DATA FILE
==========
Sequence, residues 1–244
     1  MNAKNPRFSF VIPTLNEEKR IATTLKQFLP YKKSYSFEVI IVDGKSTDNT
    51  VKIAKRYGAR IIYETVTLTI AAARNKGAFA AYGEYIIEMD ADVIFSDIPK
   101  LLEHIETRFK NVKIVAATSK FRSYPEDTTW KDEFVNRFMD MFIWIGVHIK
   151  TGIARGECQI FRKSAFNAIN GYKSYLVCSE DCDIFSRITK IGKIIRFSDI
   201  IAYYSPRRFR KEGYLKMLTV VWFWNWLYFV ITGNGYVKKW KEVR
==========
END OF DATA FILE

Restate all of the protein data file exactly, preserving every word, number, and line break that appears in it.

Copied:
Sequence, residues 1–244
     1  MNAKNPRFSF VIPTLNEEKR IATTLKQFLP YKKSYSFEVI IVDGKSTDNT
    51  VKIAKRYGAR IIYETVTLTI AAARNKGAFA AYGEYIIEMD ADVIFSDIPK
   101  LLEHIETRFK NVKIVAATSK FRSYPEDTTW KDEFVNRFMD MFIWIGVHIK
   151  TGIARGECQI FRKSAFNAIN GYKSYLVCSE DCDIFSRITK IGKIIRFSDI
   201  IAYYSPRRFR KEGYLKMLTV VWFWNWLYFV ITGNGYVKKW KEVR